Blade: Trinity (review)
A Helluva Thing
Reason No. 143,854 why invading Iraq was a bad idea: It woke up the “patriarch” of all vampires, who was slumbering in the desert, and boy is he pissed.
Or maybe it was the Syrian desert. The subtitle in the beginning of the film, at Dracula’s wake-up call, says THE SYRIAN DESERT, but then later the “hip” wise-cracking vampire hunter played by the uncannily bland Ryan Reynolds says Dracula was awakened in Iraq. Then again, not a word passes the lips of the Reynolds character that isn’t supposed to be some kind of “joke” or wisecrack or attempt at bitter, cynical, GenX humor, so maybe the Iraq thing is just a joke that misfires, like all the other jokes in the film.
I’m not sure which would be worse: a movie in which you couldn’t trust the subtitles, or a movie with Ryan Reynolds.
Oh, and the original vampire really is called Dracula — and also Drake, when “Dracula” sounds too silly, I guess — and half the time he looks like one of those Predator aliens that Arnold Schwarzengger fought, with the jaws and the dreadlocks and all, and half the time he looks like a Eurotrash Henry Rollins, with the bulging muscles and the leather pants. Drake (Dominic Purcell: Mission: Impossible 2) was “born perfect,” which the leather pants would seem to belie, and has all sorts of intriguing demonic powers like shapeshifting, and yet is still no match for a mere pseudo-vampiric dude like Blade who has no problem walking in the sun but has a mean Eddie Munster widow’s peak and craves regular meals of blood.
That’s a major problem with movies like Blade: Trinity: it’s the latest in a series that’s about little more than blowing away bad guys in ways never before committed to film, and if the bad guys and their deaths aren’t bigger and badder than the last time around, no one will care (not that we do anyway). But when you inoculate your viewers like this and keep upping the ante, eventually you run into a brick wall: even the Star Trek movies had only gotten to number 5 before they were apparently going up against God Almighty himself… and beating him. If the patriarch of all vampires just ain’t that tough, it’s time to pack it in. In fact, it was time to pack it in before we were subjected to this movie. Since this is not possible, we can only hope that Blade 4 does not feature vampire Jesus. Though how could it not?
Writer/director David S. Goyer — I know: you’re saying “Who?” — might realize this, if the attempts at comedy are any indication that something new was needed. Unfortunately, this manifested itself in the additions, to Blade’s team, of Reynolds’s (Harold & Kumar Go to White Castle) boring-as-toast character — whose name, the press notes tell me, is Hannibal King, though I cannot recall this actually being mentioned in the film — and the remarkably generic Jessica Biel (Cellular, The Texas Chainsaw Massacre) as Abigail Whistler, the apparently estranged or maybe even dead daughter of Blade’s sidekick Abraham (Kris Kristofferson: Silver City, Planet of the Apes) — didn’t Whistler’s family get killed in one of the other films? Or maybe he just said they were dead? Anyway, Hannibal and Abigail are so cool that he just never shuts up with the running “humorous” commentary and she listens to her iPod while hunting bad guys. You’d think she’d need her ears to hear if, you know, a bloodsucker might be coming at her from behind, but there’s no product placement in that. Besides, everyone wears their iPods when they exercise, right? The casual enjoyment of their bloodsucker-killing sprees turns vigilantism into something of no greater consequence than an intense workout. Even when they’re killing random innocent cops or FBI agents who happen to get in their way.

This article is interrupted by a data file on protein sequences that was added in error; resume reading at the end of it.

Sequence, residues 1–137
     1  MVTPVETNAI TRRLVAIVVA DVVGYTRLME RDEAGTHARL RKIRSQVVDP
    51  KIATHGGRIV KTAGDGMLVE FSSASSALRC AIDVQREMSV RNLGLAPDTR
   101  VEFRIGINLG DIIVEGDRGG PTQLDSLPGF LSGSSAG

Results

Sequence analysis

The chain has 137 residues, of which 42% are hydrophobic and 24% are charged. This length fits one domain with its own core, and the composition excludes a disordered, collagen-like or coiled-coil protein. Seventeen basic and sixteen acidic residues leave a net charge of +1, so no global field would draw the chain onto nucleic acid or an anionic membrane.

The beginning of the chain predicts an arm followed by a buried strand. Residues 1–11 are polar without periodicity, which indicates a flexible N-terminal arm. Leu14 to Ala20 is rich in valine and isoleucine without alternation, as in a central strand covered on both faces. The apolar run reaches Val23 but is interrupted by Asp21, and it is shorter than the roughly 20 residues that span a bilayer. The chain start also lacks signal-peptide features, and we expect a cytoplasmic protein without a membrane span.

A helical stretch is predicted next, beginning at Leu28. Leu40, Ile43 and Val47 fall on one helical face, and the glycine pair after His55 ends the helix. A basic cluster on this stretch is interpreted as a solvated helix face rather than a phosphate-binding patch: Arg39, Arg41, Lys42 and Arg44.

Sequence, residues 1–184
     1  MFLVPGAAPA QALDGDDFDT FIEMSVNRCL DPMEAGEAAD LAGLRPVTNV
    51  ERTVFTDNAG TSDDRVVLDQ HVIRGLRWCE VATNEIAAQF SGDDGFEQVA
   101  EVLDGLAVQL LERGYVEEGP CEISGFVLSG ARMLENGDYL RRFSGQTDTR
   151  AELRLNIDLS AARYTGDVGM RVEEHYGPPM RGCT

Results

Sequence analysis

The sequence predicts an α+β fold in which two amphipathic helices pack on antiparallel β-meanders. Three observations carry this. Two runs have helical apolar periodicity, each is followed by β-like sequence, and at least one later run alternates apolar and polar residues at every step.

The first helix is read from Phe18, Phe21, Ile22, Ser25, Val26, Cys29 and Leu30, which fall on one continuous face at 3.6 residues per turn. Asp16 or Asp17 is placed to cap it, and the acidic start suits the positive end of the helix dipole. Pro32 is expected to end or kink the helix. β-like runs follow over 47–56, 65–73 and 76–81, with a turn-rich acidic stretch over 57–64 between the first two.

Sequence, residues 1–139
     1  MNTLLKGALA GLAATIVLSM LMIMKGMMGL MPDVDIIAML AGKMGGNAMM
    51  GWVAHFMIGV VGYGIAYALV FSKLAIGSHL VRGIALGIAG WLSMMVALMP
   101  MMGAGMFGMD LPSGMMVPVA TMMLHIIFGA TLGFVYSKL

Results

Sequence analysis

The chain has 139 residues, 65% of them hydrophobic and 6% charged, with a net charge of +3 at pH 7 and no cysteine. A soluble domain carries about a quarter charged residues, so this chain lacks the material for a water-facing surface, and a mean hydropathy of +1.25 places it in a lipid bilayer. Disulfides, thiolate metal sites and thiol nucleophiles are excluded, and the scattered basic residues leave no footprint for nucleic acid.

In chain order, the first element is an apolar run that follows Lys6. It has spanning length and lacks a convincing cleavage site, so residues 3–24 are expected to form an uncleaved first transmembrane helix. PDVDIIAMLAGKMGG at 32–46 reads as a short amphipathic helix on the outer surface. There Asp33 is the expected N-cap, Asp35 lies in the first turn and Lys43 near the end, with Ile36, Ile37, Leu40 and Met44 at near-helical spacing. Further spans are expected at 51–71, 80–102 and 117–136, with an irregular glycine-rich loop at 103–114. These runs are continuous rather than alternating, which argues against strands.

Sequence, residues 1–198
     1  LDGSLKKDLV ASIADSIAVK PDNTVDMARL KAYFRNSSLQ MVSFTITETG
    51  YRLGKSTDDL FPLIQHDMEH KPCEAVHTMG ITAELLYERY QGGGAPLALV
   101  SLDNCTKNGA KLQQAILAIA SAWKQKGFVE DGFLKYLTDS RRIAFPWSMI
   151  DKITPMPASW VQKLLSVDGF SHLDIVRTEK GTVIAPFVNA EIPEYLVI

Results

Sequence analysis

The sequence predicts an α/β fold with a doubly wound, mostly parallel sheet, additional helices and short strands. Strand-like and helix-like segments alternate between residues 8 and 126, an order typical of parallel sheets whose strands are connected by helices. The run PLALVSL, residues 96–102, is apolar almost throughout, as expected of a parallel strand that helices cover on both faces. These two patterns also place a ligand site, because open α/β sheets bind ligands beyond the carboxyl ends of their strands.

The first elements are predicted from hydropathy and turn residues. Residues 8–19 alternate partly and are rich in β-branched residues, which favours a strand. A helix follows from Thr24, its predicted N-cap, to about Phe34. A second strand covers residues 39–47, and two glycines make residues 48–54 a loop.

“People will be surprised at how funny this movie is,” Goyer believes. I think that comment is pretty much the funniest thing about the film. Unless it’s when Goyer compares Blade (Wesley Snipes: Undisputed) to the Clint Eastwood character in Unforgiven. But probably, Clint Eastwood’s character in Unforgiven would be horrified at Goyer’s cranking up of an aspect of the Blade series that was already over the top: the fetishized violence and cinematic lovemaking to guns, blades, and bullets. Goyer’s one really original concept here is that, hey, the bow and arrow can be a way-cool bringer of mayhem, too. It’s a hell of a thing…